Tanzania International Tax Law: Understanding the import taxation regime (1)

Monday January 6 2020



PAUL KIBUUKA tax@paulkibuuka.com 

By Paul Kibuuka

Developing countries’ merchandise imports increased by 12 per cent in 2018, says the latest World Statistical Review 2019, which looks into the most recent trends for trade in goods and services. Merchandise imports totalled $7.97 trillion in 2018, according to the report. Developing economies’ imports grew at a faster rate than those of developed economies and the world, with Africa showing double digit growth in 2018.

In the 2019 African Economic Outlook, published by the African Development Bank, East Africa remains the fastest growing region in Africa and one of the fastest in the world. Five of the Africa’s 10 fastest growing economies that are reshaping the continental order are in the eastern region and Tanzania—which is bordered by seven countries: DR Congo, Burundi, Kenya, Uganda, Malawi, Mozambique, and Rwanda—is one of them.

As a dual member of the Southern African Development Community (SADC) and the East African Community (EAC) that is currently mulling the process towards ratifying the African Continental Free Trade Area (AfCFTA), Tanzania offers easy business and trade connectivity to other locations worldwide. Indeed, the country’s biggest port, the Port of Dar es Salaam, provides a critical transit point for cargo from various neighbouring landlocked countries.

In a bid to drive foreign investment, the government is offering tax incentives by way of generous capital deduction provisions for qualifying sectors e.g., manufacturing, agriculture, mining, and petroleum.

Taking the above into account, this new article series starts with a primer on insights into the Tanzanian tax system pertaining to import taxes. Import taxes are imposed on, and paid for, by Tanzanian consumers, not foreign producers. The effect is that foreign goods become relatively more expensive for Tanzanian consumers. Also, if Tanzanian manufacturers of say fruit juices rely on imported inputs in their production processes, they will transmit the increased cost to Tanzanian consumers.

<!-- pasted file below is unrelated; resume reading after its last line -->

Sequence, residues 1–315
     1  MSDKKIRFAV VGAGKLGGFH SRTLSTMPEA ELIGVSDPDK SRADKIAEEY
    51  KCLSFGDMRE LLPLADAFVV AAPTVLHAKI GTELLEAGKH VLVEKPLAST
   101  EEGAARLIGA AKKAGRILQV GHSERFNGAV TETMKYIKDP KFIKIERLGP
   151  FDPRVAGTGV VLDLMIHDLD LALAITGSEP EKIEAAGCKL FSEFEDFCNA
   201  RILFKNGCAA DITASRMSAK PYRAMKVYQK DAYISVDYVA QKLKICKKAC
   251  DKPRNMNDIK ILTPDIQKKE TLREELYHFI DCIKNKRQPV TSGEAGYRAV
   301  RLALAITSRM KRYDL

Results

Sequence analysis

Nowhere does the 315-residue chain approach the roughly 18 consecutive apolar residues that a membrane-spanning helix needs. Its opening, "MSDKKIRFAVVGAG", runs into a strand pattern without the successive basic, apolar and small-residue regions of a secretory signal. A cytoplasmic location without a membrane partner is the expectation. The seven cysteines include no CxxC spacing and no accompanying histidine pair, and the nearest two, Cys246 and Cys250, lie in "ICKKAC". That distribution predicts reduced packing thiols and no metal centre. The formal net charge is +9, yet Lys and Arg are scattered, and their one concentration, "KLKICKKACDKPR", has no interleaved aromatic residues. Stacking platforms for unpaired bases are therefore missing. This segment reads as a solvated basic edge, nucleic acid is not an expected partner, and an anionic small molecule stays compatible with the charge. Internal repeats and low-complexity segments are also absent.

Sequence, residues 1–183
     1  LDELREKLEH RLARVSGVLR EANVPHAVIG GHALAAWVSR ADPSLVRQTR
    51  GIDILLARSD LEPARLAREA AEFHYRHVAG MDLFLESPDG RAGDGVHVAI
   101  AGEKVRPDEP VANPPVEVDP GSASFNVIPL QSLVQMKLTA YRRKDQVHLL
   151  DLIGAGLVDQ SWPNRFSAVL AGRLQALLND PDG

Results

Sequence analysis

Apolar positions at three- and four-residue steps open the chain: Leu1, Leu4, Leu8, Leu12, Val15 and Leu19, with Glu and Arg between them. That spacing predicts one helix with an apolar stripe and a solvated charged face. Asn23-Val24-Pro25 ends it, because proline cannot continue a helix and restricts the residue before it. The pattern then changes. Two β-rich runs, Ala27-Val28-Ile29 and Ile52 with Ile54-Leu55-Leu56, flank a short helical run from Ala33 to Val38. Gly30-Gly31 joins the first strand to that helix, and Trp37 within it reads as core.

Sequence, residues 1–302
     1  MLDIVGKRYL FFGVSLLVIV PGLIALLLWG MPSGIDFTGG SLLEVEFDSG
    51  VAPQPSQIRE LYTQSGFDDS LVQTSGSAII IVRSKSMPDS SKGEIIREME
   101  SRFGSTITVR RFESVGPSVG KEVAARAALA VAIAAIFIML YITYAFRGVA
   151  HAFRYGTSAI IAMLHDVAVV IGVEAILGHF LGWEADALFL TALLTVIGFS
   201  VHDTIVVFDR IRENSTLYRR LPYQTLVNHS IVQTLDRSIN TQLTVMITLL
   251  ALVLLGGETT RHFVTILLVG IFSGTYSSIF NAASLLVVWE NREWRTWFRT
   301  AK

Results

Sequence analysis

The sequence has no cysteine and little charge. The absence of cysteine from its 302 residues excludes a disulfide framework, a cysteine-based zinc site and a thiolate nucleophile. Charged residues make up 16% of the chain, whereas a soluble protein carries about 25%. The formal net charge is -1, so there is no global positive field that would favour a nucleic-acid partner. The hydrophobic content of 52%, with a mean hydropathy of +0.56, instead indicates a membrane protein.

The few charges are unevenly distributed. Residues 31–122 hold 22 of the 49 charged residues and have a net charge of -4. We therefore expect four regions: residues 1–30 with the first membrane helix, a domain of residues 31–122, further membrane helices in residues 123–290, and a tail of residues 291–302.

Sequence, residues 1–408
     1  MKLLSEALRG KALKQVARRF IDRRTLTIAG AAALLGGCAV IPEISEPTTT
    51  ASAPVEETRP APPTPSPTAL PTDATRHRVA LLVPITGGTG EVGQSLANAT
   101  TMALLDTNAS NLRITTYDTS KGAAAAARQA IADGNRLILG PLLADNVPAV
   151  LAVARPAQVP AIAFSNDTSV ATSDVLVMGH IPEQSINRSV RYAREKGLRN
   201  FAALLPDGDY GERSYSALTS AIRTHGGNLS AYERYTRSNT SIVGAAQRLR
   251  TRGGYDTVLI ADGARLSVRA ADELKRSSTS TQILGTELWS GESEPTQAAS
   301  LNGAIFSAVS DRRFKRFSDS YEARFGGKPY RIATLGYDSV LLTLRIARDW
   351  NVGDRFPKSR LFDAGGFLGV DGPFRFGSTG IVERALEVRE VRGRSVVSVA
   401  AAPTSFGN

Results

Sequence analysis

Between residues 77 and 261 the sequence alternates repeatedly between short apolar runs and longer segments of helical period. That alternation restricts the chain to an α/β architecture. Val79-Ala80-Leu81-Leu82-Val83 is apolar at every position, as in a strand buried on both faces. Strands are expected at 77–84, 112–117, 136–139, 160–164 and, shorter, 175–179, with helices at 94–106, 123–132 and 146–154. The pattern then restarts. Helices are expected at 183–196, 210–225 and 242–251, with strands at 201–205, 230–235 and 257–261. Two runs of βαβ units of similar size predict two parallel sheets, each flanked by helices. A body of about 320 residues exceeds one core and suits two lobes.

Import taxes are therefore an integral part of our daily lives. That’s even more true when you consider that Tanzania is a net importer of goods as indicated by the country’s overall balance of payments, which was in deficit, according to the Bank of Tanzania Monthly Economic Review of December 2019. In short, the impact of import taxes is felt by every Tanzanian consumer in the prices of goods in the local market, be it the Kariokoo market in sunny Dar es Salaam or the Mwanjelwa market in green-hilly Mbeya.


Tanzania’s import taxation regime comprises of an import duty, ranging from 0 per cent to 25 per cent, depending on the import in question (note, however, that some sensitive items are charged at a higher rate than 25 per cent to protect domestic industries); an excise duty, which is charged on specific goods and services manufactured locally or imported on varying rates, depending on the good or service in question; and Value Added Tax (VAT) on importation of ‘taxable imports’ into Mainland Tanzania at the rate of 18 per cent. The value of imported goods is determined in accordance with the Value Added Tax Act, 2014 and the East African Community Customs Management Act, 200).

We shall delve into each of these import taxes in the coming articles of this column.

In the process we shall consider the procedure to which imports are subjected, including the requirement for the importer to make a declaration through a licensed clearing and forwarding agent in order to clear goods online via the Tanzania Customs Integrated System (TANCIS) for importations to Mainland Tanzania and ASYCUDA++ for importations to be made through Zanzibar.

We shall also discuss some of the most important issues in transportation documents, namely the bill of lading, the airway bill, and the road consignment note.

Not to forget Tanzania’s implementation of the Electronic Cargo Tracking System (ECTS). Briefly, the ECTS is used to monitor the movement of goods under customs control in Tanzania. It is not free of charge, though. The cost of the ECTS is borne by the transporter.

As a parting shot for this primer, it is important to note that not all imports are liable to import duty, excise duty, or VAT, as the case may be.

Some imports are relieved from these taxes under statutory exemption provisions. We hope that this new article series on Tanzania’s import taxation regime will give you a better understanding of the mechanics of import taxes and the customs process applicable to imports of goods to Tanzania. As alluded to earlier, imported goods play a big part in our daily lives, and so are the import taxes.


Paul Kibuuka is the Tax Director and Chief Executive of Isidora & Co. The views expressed here do not necessarily reflect those of Isidora & Co